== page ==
Nacelle Design and Sizing

The design of the nacelle involves both the external shape and the inlet internal geometry. The design of the engine inlet is generally the job of the airframe manufacturer, not the engine manufacturer and is of great importance to the overall efficiency.

The outer curvature of the cowl nose is as important as the inner contour shape. The cowl nose contour must be designed to avoid excessive local velocities in high sped flight. Here the design philosophy is somewhat similar to the fuselage and wing approach; supercritical velocities can be permitted far forward on the cowl provided the local velocities are subsonic well forward of the location of the maximum nacelle diameter. Many tests of cowling shapes have been made by NASA and various aircraft companies to determine desirable contours. Cowls are often cambered to compensate for the high angles of attack at which aircraft operate.

Some examples of nacelle designs and wing-mounted installations are shown below.

Commonality between engine installations, left and right, wing and tail, etc. is made as complete as possible. Airlines keep spare engines in a neutral configuration, i.e., with all parts installed that are common to all engine positions. Only the uncommon parts must be added to adapt the engine to a particular position. A neutral engine for the DC-10 consists of the basic engine with all accessories installed, generator electrical leads coiled, certain hydraulic and fuel lines not installed, nose cowl not installed, and engine control system not installed.

One of the most difficult design problems is fitting all the necessary equipment within the slender pylon. Fuel lines, pneumatic lines, engine and reverser controls, electrical cables, and numerous instrumentation leads must fit closely and yet permit maintenance access. The nacelle is made as small as possible but must provide space for all accessories plus ventilation for accessory and engine cooling.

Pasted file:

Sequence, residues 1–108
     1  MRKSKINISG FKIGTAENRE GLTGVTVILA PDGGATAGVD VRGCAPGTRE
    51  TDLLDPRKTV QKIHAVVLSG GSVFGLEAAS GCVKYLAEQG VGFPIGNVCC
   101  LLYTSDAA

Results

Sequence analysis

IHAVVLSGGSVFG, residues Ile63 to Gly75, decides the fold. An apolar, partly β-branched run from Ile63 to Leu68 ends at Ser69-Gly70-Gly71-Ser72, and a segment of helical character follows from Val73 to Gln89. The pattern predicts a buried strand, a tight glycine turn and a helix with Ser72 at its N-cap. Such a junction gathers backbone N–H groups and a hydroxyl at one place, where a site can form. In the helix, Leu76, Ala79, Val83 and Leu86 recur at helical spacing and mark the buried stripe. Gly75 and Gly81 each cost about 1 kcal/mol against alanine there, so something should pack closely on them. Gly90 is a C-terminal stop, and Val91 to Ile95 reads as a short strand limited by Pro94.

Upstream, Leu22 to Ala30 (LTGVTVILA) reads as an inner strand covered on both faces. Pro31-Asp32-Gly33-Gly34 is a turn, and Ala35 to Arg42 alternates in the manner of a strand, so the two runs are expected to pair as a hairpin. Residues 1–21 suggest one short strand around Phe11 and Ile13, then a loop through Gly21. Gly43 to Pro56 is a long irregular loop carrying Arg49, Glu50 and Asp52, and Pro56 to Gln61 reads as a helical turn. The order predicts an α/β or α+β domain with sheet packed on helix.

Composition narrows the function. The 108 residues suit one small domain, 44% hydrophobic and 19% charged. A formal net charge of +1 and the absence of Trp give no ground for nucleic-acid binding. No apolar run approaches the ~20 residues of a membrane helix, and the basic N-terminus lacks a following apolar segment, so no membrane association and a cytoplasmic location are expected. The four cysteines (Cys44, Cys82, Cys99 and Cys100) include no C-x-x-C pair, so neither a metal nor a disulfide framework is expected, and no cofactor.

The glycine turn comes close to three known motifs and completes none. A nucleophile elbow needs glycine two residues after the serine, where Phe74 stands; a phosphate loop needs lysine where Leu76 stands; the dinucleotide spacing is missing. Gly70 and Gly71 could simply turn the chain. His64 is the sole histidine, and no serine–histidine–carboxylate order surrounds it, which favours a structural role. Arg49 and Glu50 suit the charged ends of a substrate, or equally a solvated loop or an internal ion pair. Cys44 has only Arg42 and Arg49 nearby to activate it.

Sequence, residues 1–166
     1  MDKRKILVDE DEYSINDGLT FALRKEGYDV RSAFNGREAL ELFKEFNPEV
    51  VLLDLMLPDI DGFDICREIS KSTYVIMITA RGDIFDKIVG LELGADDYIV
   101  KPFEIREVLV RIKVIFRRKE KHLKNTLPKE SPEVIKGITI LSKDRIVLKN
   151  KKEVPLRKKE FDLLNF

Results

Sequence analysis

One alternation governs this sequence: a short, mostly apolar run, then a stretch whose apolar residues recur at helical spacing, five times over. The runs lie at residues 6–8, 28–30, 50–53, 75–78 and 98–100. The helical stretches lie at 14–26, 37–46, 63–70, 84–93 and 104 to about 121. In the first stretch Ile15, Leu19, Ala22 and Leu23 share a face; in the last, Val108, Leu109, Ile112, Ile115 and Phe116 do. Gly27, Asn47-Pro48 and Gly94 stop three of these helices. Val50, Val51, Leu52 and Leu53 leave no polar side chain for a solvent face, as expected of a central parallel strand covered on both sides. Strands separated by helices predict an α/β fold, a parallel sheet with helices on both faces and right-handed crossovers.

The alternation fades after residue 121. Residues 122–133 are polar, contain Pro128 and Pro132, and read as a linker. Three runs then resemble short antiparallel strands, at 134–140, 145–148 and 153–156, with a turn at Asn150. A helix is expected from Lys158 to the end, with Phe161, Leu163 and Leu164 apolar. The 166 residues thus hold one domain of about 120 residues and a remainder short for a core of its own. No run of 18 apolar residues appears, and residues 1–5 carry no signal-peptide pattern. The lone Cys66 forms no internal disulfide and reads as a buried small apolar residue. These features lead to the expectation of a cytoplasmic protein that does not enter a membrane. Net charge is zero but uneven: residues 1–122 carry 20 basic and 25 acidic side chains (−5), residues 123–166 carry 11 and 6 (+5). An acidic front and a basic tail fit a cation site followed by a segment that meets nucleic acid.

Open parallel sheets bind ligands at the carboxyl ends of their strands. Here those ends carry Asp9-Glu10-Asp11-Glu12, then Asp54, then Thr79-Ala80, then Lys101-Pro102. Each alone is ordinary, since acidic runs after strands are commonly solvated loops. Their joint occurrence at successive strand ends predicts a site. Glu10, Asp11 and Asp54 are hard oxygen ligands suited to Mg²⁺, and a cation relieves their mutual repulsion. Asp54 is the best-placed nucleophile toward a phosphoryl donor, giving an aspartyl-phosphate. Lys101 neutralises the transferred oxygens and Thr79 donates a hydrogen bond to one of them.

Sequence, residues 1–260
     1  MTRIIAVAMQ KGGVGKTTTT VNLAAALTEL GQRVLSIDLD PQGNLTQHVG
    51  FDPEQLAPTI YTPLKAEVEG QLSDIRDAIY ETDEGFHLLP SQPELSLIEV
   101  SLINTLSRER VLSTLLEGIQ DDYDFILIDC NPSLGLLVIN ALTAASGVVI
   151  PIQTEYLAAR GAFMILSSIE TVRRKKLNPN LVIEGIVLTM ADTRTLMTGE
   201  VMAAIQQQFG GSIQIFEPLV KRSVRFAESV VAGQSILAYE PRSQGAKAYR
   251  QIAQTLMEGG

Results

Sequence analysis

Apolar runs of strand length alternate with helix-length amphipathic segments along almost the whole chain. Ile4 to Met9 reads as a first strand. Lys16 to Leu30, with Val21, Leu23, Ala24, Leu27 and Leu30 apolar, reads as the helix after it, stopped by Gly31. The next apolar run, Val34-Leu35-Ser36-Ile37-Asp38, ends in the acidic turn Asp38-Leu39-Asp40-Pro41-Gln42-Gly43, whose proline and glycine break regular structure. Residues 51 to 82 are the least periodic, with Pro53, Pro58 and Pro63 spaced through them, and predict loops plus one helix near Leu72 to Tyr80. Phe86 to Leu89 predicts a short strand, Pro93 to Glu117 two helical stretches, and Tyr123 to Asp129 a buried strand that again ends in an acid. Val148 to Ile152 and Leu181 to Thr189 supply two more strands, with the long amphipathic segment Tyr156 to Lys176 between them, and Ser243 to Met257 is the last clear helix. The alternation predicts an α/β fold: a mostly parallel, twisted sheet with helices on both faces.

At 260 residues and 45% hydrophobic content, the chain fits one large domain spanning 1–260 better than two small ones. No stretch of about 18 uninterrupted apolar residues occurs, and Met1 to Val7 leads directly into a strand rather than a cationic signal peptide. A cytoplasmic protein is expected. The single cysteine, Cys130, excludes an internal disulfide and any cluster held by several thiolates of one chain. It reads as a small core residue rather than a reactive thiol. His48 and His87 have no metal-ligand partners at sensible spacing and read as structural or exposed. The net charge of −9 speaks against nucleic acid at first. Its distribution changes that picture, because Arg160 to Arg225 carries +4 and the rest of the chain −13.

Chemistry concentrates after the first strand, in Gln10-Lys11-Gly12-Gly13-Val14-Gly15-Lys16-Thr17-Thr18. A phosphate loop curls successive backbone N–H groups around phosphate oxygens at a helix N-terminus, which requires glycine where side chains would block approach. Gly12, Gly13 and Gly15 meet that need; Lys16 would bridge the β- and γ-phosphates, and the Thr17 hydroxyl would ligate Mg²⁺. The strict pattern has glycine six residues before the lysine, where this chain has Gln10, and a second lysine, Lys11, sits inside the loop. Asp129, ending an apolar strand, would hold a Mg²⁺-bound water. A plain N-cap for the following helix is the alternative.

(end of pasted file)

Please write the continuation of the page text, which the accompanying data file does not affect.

One can use some of the pictures in this section for initial nacelle sizing when the actual engine dimensions are known. The nacelle diameter tends to be roughly 10% greater than the bare engine to accommodate various engine systems. The inlet itself extends about 60% of the diameter in front of the fan face, and the actual inlet area is about 70% of the maximum area, although this varies depending on the engine type. For initial sizing, a representative engine may be selected and scaled (within reason) to the selected thrust level. One would expect the engine dimensions to vary with the square root of the thrust ratio (so that the area and mass flow are proportional to thrust). Statistically, the scaling is a bit less than the square root. The plots below show the variation in nacelle diameter and length as the thrust varies. The concept is sometimes called "rubberizing" an engine. Using the 85" diameter 38,250 lb PW2037 as a reference and scaling diameter by thrust to the 0.41 power yields reasonable diameters for engines over a very large thrust range. Somewhat more scatter is found in engine length but a 0.39 power thrust scaling is reasonable here as well. We note that the plots below show engine diameter and length, rather than nacelle dimensions. The nacelle must be scaled up as described above.